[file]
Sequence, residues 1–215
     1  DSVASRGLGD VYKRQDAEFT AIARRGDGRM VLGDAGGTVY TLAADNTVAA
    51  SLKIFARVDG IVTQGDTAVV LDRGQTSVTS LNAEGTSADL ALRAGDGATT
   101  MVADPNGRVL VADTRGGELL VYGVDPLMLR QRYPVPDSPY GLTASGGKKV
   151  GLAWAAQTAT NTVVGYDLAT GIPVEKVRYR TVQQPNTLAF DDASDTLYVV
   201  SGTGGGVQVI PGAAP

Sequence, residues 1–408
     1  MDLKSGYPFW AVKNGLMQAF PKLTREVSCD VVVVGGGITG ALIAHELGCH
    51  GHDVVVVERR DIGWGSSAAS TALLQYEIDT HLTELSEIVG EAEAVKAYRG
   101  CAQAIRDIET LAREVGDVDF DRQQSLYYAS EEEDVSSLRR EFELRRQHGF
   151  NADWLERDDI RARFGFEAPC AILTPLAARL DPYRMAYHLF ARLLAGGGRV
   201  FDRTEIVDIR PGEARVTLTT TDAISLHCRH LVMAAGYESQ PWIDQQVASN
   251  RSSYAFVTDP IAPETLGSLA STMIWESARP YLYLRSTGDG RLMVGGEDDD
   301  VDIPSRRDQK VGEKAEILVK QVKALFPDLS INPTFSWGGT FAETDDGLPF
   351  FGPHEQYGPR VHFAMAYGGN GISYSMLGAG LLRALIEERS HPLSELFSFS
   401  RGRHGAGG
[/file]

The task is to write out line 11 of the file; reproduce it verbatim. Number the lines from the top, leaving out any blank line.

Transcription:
   151  NADWLERDDI RARFGFEAPC AILTPLAARL DPYRMAYHLF ARLLAGGGRV